Rushworth Kidder, the founder and president of the Institute of Global Ethics says that our toughest ethical dilemmas arise when we face two strong moral arguments. In this case, I think we are facing three fundamental values: justice, fairness and mercy.
When in doubt I would advocate that we err on the side of mercy. After all, we are all fallible. Who can tell if in the future, we may wish, others would exercise mercy on our behalf?
As Abraham Lincoln once said:
"I have always found that mercy bears richer fruits than strict justice."
July 24, 2007
A fad is a phenomenon that becomes popular for a very short time while a trend is a long- term movement in a particular direction. I believe the concern about corporate ethics is a definite trend and not a fad. Below are some indications that confirms the growing trend of concern about corporate ethics:
- 57 of the Fortune 100 companies have an ethics officer and are members of the Ethics and Compliance Officer's Association. The organization started a little more than 10 years ago with only 12 members. It now has over 1200 members.
- A search on Monster.com reveals that there are more than 5,000 job openings in the ethics field.
- The salary range for an ethics and compliance officer in Wall Street is between $750,000 and $1,000,000.
A recent Consumer Ethics Trend study, commissioned by the German retailer OTTO found that a new trend has developed towards individual responsibility rather that global improvement. The study showed a high level of interest in consumer ethics across all age range.
Another study conducted by The Conference Board on corporate citizenship found that 92 % of the 700 global companies that participated in the study believed that their company has a citizenship goal as part of a statement of core values or business principles.
There is definitely a new trend of increasing expectations from consumers (and the public in general) that corporations maintain high ethical standards.
In every trend, there is a business opportunity. In our role of public relations counselors we interpret or rather translate current trend into business opportunities for our clients. We are in fact trendslators. (The word is new and first appeared in this blog....today!)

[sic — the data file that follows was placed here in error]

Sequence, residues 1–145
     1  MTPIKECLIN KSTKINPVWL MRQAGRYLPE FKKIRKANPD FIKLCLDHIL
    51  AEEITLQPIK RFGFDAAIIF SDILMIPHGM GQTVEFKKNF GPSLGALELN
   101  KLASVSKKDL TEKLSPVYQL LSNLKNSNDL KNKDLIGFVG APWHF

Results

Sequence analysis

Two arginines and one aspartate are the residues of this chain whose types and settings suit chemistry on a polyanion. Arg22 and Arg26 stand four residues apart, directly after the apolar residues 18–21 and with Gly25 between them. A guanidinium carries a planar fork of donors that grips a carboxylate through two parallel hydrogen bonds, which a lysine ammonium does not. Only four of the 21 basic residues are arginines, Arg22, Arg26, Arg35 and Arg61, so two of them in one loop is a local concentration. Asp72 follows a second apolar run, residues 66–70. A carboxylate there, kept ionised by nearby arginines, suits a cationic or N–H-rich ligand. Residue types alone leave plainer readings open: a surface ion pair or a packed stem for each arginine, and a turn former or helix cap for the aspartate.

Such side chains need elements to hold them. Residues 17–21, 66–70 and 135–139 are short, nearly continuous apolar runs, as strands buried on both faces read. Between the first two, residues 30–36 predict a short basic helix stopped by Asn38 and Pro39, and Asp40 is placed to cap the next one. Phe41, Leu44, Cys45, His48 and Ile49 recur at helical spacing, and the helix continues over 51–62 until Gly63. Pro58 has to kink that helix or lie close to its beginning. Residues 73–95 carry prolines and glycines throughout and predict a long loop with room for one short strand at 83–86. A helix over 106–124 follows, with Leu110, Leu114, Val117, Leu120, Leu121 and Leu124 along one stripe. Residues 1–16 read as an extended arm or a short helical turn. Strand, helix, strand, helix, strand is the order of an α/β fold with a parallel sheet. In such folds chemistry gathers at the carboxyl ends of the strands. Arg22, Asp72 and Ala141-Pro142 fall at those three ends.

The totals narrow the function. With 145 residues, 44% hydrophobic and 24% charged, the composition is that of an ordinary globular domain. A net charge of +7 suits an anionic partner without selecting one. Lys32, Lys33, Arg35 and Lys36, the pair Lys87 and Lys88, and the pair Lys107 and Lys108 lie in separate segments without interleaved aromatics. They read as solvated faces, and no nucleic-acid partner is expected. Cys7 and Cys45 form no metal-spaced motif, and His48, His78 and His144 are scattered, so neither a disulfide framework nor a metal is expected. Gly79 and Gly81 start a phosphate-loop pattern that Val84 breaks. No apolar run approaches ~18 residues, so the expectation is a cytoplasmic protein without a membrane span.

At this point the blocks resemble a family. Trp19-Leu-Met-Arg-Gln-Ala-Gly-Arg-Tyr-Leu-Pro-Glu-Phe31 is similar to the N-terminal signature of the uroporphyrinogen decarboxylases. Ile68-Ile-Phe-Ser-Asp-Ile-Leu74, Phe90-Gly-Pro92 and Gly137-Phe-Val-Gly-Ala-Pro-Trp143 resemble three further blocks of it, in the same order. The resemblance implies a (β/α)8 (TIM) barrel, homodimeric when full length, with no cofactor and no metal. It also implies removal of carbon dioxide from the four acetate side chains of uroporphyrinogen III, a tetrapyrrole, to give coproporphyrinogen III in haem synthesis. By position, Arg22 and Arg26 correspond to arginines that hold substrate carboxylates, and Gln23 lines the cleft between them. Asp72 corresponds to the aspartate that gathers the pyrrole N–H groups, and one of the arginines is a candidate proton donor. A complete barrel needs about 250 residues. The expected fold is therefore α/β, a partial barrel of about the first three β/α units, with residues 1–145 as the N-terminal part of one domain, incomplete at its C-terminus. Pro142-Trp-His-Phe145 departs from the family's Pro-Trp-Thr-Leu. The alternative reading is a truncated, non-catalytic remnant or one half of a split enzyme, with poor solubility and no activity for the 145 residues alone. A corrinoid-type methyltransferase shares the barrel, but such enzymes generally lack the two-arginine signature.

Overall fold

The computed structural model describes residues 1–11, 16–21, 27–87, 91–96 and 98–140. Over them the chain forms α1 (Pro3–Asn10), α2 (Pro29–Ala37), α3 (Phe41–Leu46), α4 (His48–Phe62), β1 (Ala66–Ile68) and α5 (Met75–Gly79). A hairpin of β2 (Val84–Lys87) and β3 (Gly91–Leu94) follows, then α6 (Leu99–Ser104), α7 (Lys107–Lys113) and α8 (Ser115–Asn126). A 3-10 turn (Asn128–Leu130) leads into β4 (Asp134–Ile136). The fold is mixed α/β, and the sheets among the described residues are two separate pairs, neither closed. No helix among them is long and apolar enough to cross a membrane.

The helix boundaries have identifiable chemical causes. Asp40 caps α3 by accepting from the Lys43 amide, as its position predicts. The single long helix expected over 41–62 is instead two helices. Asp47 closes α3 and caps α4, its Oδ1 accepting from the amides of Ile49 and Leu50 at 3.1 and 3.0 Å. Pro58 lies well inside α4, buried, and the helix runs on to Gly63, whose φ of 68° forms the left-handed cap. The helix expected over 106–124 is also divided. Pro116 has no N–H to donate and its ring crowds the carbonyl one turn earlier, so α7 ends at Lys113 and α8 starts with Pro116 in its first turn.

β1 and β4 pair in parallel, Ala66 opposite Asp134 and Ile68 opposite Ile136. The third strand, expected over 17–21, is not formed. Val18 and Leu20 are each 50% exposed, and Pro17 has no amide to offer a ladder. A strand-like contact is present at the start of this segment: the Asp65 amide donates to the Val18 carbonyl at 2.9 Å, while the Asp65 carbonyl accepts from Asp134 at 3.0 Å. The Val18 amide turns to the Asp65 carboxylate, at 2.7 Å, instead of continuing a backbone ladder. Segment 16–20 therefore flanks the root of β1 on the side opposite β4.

The business opportunities for corporations in understanding this new trend are many.
In Ruder Finn co-CEO Kathy Bloomgarden's book, Trust: The Secret Weapon of Effective Business Leaders, she quotes professor Donaldson from the Wharton School: "Empirical studies have demonstrated that companies with good ethical reputations attract and retain better employees, that customers and suppliers are drawn to companies with better reputations for integrity, and that employees are more loyal to their company when they have a good impression of its ethics."
July 30, 2007
New York State politics is in uproar once again. This time it is Governor Spitzer who is on the hot seat. Two of his close staff members are accused of using State resources (taxpayer's money) to investigate and then defame Council member and former rival to the Governor, Joseph Bruno. It was reported by a leak to the press that Bruno might have used the State airplane inappropriately. The Attorney's General Office investigated the matter and concluded that Bruno's use of the State aircraft was legal.
Eliot Spitzer reacted properly to this scandal when he said: "As Governor, I am accountable for what goes on in the Executive branch and I accepted responsibility for the actions of my office."
He also took action and suspended indefinitely his communication director, Darren Dopp and assigned William Howard, the liaison to the State Police to a job not connected with the Governor's office. (If Richard Nixon had reacted in the same way, he would not have had to resign!)
The Governor claims that he was not aware of the actions of his associates. Some question whether this is true, such as Henry J. Stern, former City Councilman and Park Commissioner, in his weekly StarQuest blog. The "Watergate" question: "What did you know and when did you know it" will have to be answered.
Eliot Spitzer may do so if and when he appears before the State Ethics Committee.
The Governor was a strong defender of ethics and corporate governance when he was Attorney General and promised, when he became Governor, that ethics would be high on his agenda and that his objective would be to make the government "ethical and wise"
This incident proved to be neither. However, we are all fallible and should be very careful, particularly if in position of authority and responsibility not to stray from the right course.
The saddening aspect of this story is that it may provoke a public reaction of cynicism. "What do you expect, this is politics, and politics is dirty" one might be tempted to say.
That is a dangerous reaction. Cynicism destroys idealism and society needs ideals and hope. We can change for the better, we can make progress and as a nation we have.
Dinesh D'Souza once said "America is the greatest, freest and most decent society in existence. It is an oasis of goodness in a desert of cynicism and barbarism. This country, once an experiment unique in the world, is now the last best hope for the world."
We have to continue to believe this is true and when it is not, do what we can to make it so.